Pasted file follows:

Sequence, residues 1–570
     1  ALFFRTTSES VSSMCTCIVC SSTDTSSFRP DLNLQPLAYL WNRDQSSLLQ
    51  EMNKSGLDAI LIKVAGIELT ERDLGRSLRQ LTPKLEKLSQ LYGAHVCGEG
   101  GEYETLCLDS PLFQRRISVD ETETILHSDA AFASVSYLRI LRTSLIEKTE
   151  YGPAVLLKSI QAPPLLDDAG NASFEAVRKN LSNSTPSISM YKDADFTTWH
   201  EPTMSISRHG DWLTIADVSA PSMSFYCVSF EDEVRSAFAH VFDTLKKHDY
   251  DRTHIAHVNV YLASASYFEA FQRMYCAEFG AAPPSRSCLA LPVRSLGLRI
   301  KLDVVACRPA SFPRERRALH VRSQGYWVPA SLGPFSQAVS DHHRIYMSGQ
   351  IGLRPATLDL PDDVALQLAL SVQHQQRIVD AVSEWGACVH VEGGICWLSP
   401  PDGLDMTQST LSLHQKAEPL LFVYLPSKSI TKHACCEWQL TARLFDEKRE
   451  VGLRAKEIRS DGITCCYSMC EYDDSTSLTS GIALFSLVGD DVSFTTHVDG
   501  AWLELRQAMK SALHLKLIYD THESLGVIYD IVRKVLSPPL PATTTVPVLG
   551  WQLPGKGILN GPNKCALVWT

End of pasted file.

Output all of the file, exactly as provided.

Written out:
Sequence, residues 1–570
     1  ALFFRTTSES VSSMCTCIVC SSTDTSSFRP DLNLQPLAYL WNRDQSSLLQ
    51  EMNKSGLDAI LIKVAGIELT ERDLGRSLRQ LTPKLEKLSQ LYGAHVCGEG
   101  GEYETLCLDS PLFQRRISVD ETETILHSDA AFASVSYLRI LRTSLIEKTE
   151  YGPAVLLKSI QAPPLLDDAG NASFEAVRKN LSNSTPSISM YKDADFTTWH
   201  EPTMSISRHG DWLTIADVSA PSMSFYCVSF EDEVRSAFAH VFDTLKKHDY
   251  DRTHIAHVNV YLASASYFEA FQRMYCAEFG AAPPSRSCLA LPVRSLGLRI
   301  KLDVVACRPA SFPRERRALH VRSQGYWVPA SLGPFSQAVS DHHRIYMSGQ
   351  IGLRPATLDL PDDVALQLAL SVQHQQRIVD AVSEWGACVH VEGGICWLSP
   401  PDGLDMTQST LSLHQKAEPL LFVYLPSKSI TKHACCEWQL TARLFDEKRE
   451  VGLRAKEIRS DGITCCYSMC EYDDSTSLTS GIALFSLVGD DVSFTTHVDG
   501  AWLELRQAMK SALHLKLIYD THESLGVIYD IVRKVLSPPL PATTTVPVLG
   551  WQLPGKGILN GPNKCALVWT